In addition to these factors, the testator cannot be suffering from an insane delusion.  An insane delusion exists if a person has a persistent belief, resulting from illness or disorder, in the existence or non-existence of something contrary to all evidence, which materially affects the disposition in the testamentary instrument.  Breeden v. Stone, 992 P.2d 1167 (Colo. 2000).  For example, failure to include a child in the will because the testator believes that child has been abducted by aliens and will never return to earth. Read more >>

April 25, 2016

Is Any Family at Risk for Competency Disputes?

by Matthew Skotak

Casey Kasem (famed American Top 40 DJ), Tom Benson (owner of the NBA’s Pelicans and NFL’s Saints), and Sumner Redstone (controlling shareholder of Viacom and CBS) have much in common: wealth, prestige, and status. Though many may envy their fortune and fame, they may not envy their other common thread; competency disputes.

When Casey Kasem’s health deteriorated from Parkinson’s disease, an ugly court battle ensued between his children and his wife, which did not end until he died. A challenge to Tom Benson’s competency arose after he decided to vest controlling interest in the Saints and Pelicans with his wife, and lock-out his other heirs from those teams. Similarly, Sumner Redstone’s competency was challenged by his longtime companion, Manuela Herzer, after she was removed as his health care agent and was kicked out of his California mansion. These conflicts are public and recognizable, however, thousands of similar anonymous disputes occur every day across the country involving ordinary families.

Read more >>

April 28, 2014

Should an undue influencer be responsible for paying the legal fees incurred to rectify the undue influence?

by Kelly Cooper

In a recent unpublished decision, the Colorado Court of Appeals held that a niece who unduly influenced her uncle was not responsible for the payment of the uncle's legal fees, which were required to rectify the undue influence and return the property to the uncle.

Specifically, the niece was accused of unduly influencing her uncle to give her pieces of real estate during his life. A jury found that the niece did unduly influence her uncle and that she breached her fiduciary duty to her uncle. As a result, the court ordered that the real estate be transferred back to the uncle. In addition, the jury awarded $315,000 in legal fees against the niece to make the uncle whole.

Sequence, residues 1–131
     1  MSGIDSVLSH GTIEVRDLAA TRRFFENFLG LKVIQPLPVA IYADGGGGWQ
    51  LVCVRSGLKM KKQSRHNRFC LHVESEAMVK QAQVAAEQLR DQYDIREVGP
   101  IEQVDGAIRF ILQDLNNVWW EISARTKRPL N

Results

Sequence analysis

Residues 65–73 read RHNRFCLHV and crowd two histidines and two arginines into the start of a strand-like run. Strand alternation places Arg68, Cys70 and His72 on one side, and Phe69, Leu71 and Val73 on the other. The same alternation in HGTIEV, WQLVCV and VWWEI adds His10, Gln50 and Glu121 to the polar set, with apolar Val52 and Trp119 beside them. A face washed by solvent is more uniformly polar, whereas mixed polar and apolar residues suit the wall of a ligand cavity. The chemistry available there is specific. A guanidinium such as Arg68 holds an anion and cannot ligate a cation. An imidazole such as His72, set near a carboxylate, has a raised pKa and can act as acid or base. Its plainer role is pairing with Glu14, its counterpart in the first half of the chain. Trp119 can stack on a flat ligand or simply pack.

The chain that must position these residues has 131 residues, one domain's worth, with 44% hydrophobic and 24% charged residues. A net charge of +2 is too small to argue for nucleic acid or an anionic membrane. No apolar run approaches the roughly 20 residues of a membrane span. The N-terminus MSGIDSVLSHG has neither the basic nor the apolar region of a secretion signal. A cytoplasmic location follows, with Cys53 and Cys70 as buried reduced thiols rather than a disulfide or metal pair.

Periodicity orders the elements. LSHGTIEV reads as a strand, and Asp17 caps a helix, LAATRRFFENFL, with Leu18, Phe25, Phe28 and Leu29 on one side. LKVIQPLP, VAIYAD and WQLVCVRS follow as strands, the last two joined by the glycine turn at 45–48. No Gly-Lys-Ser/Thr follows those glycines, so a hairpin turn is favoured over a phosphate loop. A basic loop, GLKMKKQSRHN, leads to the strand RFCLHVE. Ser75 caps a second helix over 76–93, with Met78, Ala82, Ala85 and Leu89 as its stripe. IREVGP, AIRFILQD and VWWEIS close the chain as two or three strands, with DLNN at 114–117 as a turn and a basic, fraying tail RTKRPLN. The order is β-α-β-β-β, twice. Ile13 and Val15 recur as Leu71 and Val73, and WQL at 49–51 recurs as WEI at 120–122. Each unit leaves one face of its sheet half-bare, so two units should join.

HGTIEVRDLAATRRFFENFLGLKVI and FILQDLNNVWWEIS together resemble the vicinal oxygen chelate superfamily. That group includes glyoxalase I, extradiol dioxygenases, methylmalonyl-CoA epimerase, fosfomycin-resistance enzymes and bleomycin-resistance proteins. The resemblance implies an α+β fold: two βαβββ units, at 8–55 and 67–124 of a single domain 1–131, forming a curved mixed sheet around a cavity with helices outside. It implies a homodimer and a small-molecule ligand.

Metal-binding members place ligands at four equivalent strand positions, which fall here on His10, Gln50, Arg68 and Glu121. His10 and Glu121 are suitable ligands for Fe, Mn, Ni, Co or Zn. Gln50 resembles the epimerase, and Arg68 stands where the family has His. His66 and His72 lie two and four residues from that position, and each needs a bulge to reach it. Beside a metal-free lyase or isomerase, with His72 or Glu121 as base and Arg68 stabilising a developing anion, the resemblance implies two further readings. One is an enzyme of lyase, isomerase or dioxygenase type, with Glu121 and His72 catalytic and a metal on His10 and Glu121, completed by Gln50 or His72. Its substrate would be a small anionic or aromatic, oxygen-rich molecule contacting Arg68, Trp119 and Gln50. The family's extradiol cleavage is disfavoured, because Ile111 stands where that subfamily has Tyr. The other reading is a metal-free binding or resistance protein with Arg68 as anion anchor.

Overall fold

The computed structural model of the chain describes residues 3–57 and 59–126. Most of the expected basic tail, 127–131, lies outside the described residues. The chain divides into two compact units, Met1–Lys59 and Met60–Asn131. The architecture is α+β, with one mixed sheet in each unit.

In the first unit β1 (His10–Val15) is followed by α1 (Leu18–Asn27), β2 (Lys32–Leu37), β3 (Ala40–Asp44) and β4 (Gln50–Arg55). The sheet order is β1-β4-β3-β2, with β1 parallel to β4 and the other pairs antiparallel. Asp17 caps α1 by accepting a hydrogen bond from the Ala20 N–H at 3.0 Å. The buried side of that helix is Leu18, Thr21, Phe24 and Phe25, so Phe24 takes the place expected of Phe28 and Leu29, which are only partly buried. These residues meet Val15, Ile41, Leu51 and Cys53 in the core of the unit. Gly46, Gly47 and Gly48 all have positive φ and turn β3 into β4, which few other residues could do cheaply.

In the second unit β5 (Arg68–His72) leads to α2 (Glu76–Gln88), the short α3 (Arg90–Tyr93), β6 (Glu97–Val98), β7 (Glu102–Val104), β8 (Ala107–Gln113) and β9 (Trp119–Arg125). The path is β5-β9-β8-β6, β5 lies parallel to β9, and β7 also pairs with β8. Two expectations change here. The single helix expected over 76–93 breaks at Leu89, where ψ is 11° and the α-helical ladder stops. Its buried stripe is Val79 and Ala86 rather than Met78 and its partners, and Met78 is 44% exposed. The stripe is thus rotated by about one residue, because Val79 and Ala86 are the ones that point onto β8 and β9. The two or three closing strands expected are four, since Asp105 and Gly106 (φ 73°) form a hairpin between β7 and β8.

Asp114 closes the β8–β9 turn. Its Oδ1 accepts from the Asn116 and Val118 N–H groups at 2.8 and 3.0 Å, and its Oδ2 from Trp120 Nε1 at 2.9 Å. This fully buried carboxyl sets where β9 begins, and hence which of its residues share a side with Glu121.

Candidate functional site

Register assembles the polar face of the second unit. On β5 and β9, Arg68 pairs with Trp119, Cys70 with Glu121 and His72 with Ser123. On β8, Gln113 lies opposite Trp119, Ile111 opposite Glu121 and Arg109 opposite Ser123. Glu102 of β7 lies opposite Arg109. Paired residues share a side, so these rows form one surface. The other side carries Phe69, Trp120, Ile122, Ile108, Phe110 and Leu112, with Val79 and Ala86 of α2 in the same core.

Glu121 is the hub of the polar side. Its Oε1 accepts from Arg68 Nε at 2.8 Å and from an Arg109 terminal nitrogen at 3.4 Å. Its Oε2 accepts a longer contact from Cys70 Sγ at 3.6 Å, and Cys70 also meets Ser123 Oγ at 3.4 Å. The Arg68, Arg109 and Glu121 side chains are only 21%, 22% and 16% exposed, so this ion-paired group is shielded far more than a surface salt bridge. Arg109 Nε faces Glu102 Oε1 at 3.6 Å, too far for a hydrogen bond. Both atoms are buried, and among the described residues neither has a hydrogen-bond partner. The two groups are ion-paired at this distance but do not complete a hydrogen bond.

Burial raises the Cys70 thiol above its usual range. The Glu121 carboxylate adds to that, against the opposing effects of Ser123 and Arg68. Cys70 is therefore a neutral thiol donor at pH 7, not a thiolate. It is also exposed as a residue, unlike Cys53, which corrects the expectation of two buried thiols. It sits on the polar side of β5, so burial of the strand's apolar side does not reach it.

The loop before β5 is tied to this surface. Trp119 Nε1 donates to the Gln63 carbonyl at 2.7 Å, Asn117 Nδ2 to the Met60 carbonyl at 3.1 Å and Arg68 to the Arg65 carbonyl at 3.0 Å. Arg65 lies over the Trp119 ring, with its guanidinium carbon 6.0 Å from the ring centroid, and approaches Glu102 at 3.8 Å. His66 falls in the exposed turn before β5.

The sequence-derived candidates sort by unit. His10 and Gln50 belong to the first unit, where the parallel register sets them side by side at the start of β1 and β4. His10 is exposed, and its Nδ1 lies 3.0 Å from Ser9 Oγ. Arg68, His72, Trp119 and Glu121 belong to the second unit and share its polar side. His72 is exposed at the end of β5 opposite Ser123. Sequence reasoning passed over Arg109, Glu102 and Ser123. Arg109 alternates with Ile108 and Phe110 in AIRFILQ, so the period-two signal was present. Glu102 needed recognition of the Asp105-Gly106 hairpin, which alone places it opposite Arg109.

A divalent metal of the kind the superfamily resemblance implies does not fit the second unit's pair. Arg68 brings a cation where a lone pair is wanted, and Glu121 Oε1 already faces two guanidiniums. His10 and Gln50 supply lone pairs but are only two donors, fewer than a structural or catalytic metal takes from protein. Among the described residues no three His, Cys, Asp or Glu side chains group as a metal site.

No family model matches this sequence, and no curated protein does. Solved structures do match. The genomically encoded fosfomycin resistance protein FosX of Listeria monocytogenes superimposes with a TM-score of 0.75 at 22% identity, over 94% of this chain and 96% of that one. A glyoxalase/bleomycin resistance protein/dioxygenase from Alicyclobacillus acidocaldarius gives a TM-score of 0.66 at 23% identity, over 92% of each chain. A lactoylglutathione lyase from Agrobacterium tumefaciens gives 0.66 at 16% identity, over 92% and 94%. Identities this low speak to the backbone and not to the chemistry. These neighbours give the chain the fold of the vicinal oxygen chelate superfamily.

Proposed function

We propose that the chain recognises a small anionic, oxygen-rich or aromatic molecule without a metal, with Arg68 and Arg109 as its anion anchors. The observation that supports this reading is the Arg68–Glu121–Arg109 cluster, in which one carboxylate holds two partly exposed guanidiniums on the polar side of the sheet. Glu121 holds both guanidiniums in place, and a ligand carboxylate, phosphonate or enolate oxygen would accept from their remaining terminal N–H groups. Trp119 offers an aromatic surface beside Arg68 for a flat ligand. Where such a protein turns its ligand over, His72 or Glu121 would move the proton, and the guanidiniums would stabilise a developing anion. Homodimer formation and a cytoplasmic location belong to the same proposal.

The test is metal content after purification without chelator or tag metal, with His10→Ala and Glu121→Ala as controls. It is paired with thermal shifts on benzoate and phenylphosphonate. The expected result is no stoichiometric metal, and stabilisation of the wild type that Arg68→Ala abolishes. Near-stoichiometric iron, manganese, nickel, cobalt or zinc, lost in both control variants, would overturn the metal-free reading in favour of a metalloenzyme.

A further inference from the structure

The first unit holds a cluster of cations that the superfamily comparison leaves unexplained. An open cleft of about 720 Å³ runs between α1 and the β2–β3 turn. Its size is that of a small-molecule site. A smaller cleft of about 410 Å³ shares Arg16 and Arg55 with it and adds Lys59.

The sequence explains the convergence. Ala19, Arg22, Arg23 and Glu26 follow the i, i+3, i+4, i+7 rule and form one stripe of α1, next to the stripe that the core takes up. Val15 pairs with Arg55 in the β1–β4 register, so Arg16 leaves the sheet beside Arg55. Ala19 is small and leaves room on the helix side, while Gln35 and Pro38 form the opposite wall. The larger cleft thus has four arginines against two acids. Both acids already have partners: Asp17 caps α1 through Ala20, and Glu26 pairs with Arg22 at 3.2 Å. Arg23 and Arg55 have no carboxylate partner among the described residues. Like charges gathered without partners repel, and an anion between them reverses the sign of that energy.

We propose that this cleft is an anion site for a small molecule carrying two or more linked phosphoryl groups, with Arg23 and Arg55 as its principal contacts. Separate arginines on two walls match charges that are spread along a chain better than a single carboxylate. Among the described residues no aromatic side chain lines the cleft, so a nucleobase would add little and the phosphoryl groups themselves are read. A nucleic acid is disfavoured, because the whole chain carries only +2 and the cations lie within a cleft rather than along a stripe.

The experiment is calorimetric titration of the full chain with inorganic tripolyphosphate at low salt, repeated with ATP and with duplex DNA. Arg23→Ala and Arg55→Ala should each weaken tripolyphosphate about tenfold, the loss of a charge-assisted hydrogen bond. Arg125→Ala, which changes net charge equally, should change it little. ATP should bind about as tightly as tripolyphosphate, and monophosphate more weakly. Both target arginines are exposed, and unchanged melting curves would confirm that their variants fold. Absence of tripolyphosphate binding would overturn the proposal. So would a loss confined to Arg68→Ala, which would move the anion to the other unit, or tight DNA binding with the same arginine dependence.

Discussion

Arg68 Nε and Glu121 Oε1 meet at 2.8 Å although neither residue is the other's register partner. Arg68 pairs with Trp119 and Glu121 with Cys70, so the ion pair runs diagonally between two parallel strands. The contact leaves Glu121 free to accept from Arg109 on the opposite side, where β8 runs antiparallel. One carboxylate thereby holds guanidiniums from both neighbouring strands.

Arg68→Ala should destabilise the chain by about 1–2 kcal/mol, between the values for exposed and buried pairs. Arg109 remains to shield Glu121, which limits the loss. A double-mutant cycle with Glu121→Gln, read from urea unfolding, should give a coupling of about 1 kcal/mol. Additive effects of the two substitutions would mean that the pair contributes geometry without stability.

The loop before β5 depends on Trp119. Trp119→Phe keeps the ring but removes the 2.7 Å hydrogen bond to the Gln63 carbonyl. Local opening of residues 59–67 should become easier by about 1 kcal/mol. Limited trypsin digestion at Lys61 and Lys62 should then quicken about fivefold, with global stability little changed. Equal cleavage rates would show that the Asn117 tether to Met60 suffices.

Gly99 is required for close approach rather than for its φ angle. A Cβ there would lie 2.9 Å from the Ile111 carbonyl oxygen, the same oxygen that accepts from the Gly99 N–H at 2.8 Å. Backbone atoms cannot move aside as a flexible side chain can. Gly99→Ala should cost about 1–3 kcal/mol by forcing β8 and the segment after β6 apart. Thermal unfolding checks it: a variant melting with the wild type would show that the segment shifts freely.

On appeal, the niece argued that she should not be responsible for the payment of attorney's fees because Colorado follows the American rule that parties in a dispute must pay their own legal fees. The uncle, through his conservator, argued that an award of legal fees was appropriate in this case under the breach of fiduciary duty/trust exception to the American rule. This exception was first recognized by the Colorado Court of Appeals in 1982. See Heller v. First Nat'l Bank of Denver, 657 P.2d 992 (Colo. App. 1982). The Colorado Supreme Court recognized the exception in 1989. See Buder v. Satore, 774 P.2d 1383 (Colo. 1989).

Despite the recognition of this exception, the Colorado Court of Appeals found that the Colorado Supreme Court has cautioned it against liberally construing any of the exceptions to the American rule.

In finding that the exception did not apply to this case of undue influence, the Colorado Court of Appeals held that the niece's breach of fiduciary duty did not closely resemble a breach of trust. In addition, the Court of Appeals found that the niece breached her duty as an individual, rather than any fiduciary duty to manage property, and that abusing personal influence is not similar to mismanaging property as a fiduciary.

The citation for the case is: In the Interest of Phillip Delluomo, Protected Person, 2012CA2513.

December 9, 2013

Probate and Trust Issues in Colorado’s Upcoming Legislative Session

by Kelly Cooper

Colorado’s General Assembly will reconvene on January 8, 2014.  At this time, it appears that at least two probate and trust related issues will be the subject of debate by the Assembly.

The first is a proposed change to the Colorado Civil Unions Act that would permit partners to a civil union to file joint income tax returns if they are permitted to do so by federal law.  Under the current proposal being considered by the Colorado Bar Association, there would be changes to both the Civil Unions Act and Colorado’s income tax statutes.  This is partly in response to the issuance of Revenue Ruling 2013-17 by the Internal Revenue Service, which permits married same sex couples to file joint federal income tax returns.